Associate Dean for Faculty & Professor of Law
University of Nebraska College of Law
Whistleblower advocates and academics greeted the enactment of the Sarbanes-Oxley Act’s whistleblower provisions in 2002 with great acclaim. The Act appeared to provide the strongest encouragement and broadest protections then available for private-sector whistleblowers. It influenced whistleblower law by unleashing a decade of expansive legal protection and formal encouragement for whistleblowers, perhaps indicating societal acceptance of whistleblowers as part of its law enforcement strategy. Despite these successes, however, Sarbanes-Oxley’s greatest lesson derives from its two most prominent failings. First, over the last the decade, the Act simply did not protect whistleblowers who suffered retaliation. Second, despite the massive increase in legal protection available to them, whistleblowers did not play a significant role in uncovering the financial crisis that led to the Great Recession at the end of the decade. These related failures indicate that although whistleblowers had stronger and more prevalent protection than ever before, they had less reason to believe such protection works. This Article examines the developments in whistleblower law during the last decade and concludes that Sarbanes-Oxley’s most important lesson is that the usual approach to whistleblowing may not be sufficient. Encouragingly, the Article also evaluates recent developments in light of Sarbanes-Oxley’s successes and failures to demonstrate that policy makers may have learned from the Sarbanes-Oxley experience. During the last two years, regulators and legislators implemented new strategies that may encourage employees to blow the whistle more effectively.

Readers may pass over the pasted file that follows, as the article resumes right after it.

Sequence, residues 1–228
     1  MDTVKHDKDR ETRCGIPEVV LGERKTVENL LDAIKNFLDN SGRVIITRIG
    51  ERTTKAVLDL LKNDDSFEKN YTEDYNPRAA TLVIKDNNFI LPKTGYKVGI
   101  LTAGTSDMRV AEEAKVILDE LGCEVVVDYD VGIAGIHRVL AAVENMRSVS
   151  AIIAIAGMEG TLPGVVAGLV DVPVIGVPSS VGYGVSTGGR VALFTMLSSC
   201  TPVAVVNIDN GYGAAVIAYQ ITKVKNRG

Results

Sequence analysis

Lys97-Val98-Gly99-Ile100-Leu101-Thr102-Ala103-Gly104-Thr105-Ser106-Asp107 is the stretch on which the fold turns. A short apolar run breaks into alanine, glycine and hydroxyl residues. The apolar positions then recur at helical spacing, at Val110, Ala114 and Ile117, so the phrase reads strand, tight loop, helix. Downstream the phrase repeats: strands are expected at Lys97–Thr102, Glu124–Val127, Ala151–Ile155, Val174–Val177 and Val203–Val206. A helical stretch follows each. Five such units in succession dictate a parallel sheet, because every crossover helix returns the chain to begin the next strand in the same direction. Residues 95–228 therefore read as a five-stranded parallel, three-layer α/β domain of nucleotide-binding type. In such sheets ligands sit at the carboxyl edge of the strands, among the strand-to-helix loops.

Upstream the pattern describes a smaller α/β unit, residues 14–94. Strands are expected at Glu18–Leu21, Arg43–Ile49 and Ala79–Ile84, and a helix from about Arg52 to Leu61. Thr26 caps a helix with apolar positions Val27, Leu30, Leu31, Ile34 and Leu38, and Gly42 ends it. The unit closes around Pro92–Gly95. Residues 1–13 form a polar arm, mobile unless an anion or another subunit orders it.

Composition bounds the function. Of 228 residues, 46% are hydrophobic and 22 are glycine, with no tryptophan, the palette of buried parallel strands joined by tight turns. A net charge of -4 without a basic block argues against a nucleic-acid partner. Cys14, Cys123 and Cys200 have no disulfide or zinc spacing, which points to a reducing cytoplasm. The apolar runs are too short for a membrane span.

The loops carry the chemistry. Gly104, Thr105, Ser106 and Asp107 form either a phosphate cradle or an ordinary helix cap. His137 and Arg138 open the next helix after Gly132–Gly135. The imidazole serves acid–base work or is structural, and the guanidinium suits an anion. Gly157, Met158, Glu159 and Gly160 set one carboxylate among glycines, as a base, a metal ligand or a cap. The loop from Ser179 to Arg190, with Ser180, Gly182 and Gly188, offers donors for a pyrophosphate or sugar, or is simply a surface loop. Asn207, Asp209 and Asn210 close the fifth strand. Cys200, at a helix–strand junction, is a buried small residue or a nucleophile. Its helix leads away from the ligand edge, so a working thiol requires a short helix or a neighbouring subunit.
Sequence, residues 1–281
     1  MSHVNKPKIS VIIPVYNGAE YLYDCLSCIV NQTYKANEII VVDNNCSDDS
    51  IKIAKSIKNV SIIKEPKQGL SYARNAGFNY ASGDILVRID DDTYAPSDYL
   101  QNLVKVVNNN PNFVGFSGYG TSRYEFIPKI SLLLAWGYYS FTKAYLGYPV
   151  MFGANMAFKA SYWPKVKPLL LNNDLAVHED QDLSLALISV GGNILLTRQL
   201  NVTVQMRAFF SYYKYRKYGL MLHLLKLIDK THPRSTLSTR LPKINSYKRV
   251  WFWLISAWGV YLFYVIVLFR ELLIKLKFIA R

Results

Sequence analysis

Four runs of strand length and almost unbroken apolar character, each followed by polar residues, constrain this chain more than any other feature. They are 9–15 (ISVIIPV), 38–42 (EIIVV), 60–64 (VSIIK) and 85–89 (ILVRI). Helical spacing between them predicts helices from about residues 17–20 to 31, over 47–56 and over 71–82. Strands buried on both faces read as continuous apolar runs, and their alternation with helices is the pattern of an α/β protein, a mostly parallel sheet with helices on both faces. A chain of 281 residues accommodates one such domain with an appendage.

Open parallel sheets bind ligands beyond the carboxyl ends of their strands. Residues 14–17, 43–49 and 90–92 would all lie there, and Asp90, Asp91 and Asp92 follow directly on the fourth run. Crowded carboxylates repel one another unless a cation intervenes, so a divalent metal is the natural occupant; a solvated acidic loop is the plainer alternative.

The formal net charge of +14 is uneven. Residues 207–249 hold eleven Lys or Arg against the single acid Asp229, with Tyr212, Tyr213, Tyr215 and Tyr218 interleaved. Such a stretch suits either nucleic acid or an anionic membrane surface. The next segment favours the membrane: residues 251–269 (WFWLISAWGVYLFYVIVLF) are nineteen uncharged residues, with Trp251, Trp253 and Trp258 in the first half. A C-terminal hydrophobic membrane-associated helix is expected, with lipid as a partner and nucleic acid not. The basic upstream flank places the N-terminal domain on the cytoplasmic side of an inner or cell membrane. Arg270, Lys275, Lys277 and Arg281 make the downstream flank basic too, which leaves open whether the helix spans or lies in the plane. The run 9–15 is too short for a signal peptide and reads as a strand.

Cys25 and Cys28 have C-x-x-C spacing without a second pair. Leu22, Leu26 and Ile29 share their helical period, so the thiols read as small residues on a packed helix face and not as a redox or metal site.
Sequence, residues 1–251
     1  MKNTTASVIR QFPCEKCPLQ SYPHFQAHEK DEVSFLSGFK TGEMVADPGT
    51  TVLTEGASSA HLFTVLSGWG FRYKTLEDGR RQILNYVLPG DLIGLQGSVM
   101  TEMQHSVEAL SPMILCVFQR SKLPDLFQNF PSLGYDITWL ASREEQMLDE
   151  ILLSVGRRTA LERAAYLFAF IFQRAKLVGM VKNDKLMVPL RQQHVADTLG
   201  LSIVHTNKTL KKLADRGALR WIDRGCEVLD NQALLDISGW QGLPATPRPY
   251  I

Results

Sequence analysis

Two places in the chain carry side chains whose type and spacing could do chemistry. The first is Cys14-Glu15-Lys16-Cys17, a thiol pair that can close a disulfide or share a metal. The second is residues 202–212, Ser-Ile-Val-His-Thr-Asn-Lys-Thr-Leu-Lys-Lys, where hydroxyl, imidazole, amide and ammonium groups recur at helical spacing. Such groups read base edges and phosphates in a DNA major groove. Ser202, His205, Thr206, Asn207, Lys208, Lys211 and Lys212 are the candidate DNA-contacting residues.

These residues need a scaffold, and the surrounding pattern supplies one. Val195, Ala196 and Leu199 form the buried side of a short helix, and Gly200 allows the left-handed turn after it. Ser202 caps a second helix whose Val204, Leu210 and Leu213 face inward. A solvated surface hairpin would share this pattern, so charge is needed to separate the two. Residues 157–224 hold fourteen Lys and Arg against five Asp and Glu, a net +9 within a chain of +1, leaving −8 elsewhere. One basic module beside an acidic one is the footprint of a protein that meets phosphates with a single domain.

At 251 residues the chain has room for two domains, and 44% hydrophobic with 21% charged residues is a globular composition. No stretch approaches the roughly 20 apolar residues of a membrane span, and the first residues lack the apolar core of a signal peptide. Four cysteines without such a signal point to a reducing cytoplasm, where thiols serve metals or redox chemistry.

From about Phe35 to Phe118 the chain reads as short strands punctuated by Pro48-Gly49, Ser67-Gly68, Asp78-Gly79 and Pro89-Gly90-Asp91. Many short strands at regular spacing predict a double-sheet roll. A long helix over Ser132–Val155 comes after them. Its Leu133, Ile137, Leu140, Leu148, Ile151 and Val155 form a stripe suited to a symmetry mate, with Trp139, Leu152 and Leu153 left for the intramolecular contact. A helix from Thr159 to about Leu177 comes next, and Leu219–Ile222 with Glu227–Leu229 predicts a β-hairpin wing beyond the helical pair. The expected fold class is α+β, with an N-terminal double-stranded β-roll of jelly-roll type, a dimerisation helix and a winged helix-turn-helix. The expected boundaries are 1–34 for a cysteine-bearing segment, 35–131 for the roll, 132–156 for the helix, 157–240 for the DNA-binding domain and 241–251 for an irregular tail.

Brent Evan Newton
Deputy Staff Director, United States Sentencing Commission
Adjunct Professor of Law, Georgetown University Law Center & Georgetown University School of Medicine
Adjunct Professor of Law, American University Washington College of Law